Less than 12 hours after the Panthers terminated Muhammad's contract, rather than pay him a $10 million roster bonus, the veteran wide receiver and the Chicago Bears reached an agreement in principle on a multi-year deal. The contract was officially signed late Saturday afternoon.
The six-year contract can be worth as much as $30 million. It includes $12 million in total guarantees, and the first three seasons are worth $16 million.
"I don't think there is one person that's a Superman in this sport that can totally revolutionize or change a team," he said.
"But I have a lot of experience at what I do and I'm going to
bring that experience to Chicago. I'm going to bring my leadership
skills and hopefully I influence enough people to make the team
The agreement came in the early hours of Saturday morning, around 3 a.m, after a long night of negotiations between agent Joel Segal and Bears officials. The Bears were one of the first teams to contact Segal when his client's availability became official on Friday. Several other franchises checked in with Segal as well but Chicago, which has made the upgrade of its wide receiver corps and offseason priority, moved very aggressively to close a deal.
"I think it says that we're serious about improving our team and making a serious run," Bears coach Lovie Smith said. "We've identified some places where we thought we needed some more players. A receiver was one of those. To be able to get a receiver like this will definitely help you get some momentum going into the rest of free agency and, of course the draft coming up."
There has been plenty of speculation here, where teams have gathered for the annual combine workouts, that the Bears would address their wide receiver need in the draft, perhaps by choosing University of Michigan star Braylon Edwards with the fourth pick in the first round. How the acquisition of Muhammad affects the Bears' draft plans remains to be seen.
"He's a guy who makes plays," Bears receivers coach Darryl
Drake said on the team's Web site. "He just brings a lot of
experience and savvy and a lot of intangibles to the organization
that you just can't coach.
"I'm excited about him coming in at this point in time being
involved in a new offense, and getting himself established and
helping us reach the goals that we want to reach as a team."
Adding the nine-year veteran Muhammad provides young quarterback Rex Grossman, who will go to training camp as the starter, a proven and dependable target.
"The timing was good because everybody's under one roof here,"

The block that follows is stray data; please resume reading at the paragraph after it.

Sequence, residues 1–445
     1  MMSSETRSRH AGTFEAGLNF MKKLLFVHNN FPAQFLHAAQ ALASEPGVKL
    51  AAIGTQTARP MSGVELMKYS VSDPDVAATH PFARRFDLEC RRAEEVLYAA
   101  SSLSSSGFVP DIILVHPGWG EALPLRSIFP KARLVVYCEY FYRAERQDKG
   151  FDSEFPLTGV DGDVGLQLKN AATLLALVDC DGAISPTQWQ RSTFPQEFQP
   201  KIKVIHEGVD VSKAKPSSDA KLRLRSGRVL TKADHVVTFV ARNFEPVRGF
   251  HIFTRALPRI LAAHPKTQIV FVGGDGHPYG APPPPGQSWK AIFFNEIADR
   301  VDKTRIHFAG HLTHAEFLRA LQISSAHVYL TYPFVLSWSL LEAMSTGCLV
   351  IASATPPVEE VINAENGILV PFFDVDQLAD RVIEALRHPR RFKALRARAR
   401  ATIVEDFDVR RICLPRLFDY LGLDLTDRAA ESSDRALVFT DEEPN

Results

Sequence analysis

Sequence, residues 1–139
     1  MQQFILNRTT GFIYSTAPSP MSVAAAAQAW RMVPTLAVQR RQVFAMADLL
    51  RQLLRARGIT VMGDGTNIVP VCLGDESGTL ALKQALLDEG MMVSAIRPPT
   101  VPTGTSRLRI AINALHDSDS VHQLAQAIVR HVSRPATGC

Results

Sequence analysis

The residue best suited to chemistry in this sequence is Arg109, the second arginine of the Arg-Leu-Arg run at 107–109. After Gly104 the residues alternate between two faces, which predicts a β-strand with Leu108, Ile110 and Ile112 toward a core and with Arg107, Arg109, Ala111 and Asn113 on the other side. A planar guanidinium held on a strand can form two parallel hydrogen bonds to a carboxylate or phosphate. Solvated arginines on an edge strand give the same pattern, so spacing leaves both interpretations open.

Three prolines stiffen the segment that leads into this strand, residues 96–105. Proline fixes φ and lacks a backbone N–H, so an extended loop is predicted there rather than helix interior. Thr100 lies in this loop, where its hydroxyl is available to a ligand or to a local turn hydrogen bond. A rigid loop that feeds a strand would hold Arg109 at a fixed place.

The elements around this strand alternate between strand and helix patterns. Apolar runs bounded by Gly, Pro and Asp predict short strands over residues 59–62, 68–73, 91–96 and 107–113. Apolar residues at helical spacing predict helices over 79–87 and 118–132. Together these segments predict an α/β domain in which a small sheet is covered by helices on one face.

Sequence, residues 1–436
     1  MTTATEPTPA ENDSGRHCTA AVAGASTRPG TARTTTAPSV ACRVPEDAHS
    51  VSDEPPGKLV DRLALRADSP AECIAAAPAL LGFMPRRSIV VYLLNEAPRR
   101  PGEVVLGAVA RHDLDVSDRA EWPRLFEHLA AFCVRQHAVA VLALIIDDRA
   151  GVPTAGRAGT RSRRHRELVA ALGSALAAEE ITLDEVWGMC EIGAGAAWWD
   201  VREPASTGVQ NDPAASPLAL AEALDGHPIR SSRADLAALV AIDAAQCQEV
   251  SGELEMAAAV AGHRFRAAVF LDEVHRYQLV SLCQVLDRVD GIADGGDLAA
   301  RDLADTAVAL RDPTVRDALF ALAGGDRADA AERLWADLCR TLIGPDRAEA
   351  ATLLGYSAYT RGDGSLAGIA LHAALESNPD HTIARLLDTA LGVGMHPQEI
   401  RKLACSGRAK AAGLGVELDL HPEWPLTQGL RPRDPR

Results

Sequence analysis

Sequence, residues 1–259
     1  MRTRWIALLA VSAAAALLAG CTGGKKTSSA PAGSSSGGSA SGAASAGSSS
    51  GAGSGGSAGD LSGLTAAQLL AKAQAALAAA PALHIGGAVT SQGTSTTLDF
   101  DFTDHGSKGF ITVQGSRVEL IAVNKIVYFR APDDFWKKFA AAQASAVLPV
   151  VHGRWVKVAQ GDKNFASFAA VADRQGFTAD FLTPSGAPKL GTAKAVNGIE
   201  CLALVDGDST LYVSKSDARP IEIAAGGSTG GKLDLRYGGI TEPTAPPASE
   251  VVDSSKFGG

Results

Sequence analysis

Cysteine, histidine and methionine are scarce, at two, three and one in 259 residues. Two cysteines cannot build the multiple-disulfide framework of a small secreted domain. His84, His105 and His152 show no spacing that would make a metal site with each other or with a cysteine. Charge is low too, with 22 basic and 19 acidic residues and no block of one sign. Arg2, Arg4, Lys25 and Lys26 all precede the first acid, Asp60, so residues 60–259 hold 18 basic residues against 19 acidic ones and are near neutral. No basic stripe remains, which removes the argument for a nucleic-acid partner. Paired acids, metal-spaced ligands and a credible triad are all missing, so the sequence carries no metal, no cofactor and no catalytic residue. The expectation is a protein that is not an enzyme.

Bears general manager Jerry Angelo said. "His agent was here and
we were able to visit with him. We met through the night and got it
Chicago wide receivers combined for just 111 catches, 1,561 yards and three touchdowns in 2004. The leading wideout, David Terrell, posted 42 receptions for 699 yards and one touchdown. The consensus, even before the Muhammad deal, was that Terrell, a first-round choice in the 2001 draft, would be cut in the offseason.
A former Michigan State standout, Muhammad, 31, is coming off the finest all-around season of his career. He registered 93 catches for 1,405 yards and 16 touchdowns, and was on the NFC Pro Bowl squad. Most impressive about Muhammad's 2004 performance was that it came without fellow receiver Steve Smith on the field.
Smith suffered a season-ending broken leg in the first game of the year, taking away the Panthers' premier deep-ball threat. But despite facing weekly double-team coverage in Smith's absence, Muhammad flourished and he led the NFL in receiving yards.
For his career, Muhammad has 578 receptions for 7,751 yards and 44 touchdowns. He has five seasons of 60-plus catches and three years with 1,000 or more receiving yards. Muhammad, who will turn 32 in May, appeared in 125 games, and started in 113 of them.
Carolina on Friday made the difficult decision to terminate Muhammad's contract because it simply was prohibitive for the Panthers. With the $10 million roster bonus, a base salary of $650,000 and some prorated charges, Muhammad carried a salary cap charge of $12.5 million for 2005.
Len Pasquarelli is a senior NFL writer for ESPN.com. To check out Len's chat archive, click here. The Associated Press contributed to this report.